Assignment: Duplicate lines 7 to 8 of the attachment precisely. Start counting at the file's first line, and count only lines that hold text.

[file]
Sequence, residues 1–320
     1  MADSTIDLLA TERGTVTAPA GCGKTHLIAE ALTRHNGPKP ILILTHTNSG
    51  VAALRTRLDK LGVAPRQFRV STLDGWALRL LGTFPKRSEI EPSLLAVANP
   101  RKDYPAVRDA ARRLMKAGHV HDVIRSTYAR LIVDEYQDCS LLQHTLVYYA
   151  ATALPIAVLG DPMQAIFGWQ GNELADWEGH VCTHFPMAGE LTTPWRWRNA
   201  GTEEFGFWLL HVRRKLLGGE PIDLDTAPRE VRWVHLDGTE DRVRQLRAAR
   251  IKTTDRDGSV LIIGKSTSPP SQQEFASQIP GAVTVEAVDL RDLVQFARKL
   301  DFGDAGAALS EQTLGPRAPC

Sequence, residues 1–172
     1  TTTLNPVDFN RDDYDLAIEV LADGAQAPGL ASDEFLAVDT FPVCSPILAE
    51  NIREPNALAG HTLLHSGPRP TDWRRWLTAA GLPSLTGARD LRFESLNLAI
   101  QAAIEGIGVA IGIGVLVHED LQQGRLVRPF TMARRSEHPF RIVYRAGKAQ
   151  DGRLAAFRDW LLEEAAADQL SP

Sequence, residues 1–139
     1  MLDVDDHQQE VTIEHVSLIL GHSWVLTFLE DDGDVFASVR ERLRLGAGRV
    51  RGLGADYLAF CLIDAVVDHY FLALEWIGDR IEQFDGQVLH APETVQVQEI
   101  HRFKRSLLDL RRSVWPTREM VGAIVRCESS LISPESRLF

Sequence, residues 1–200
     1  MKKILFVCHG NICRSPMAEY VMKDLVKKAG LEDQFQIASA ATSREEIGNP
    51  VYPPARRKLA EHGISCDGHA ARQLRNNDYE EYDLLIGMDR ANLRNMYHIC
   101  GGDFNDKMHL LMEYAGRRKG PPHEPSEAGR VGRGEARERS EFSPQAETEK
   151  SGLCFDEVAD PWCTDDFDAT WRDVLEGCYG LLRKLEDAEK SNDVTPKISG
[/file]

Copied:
   251  IKTTDRDGSV LIIGKSTSPP SQQEFASQIP GAVTVEAVDL RDLVQFARKL
   301  DFGDAGAALS EQTLGPRAPC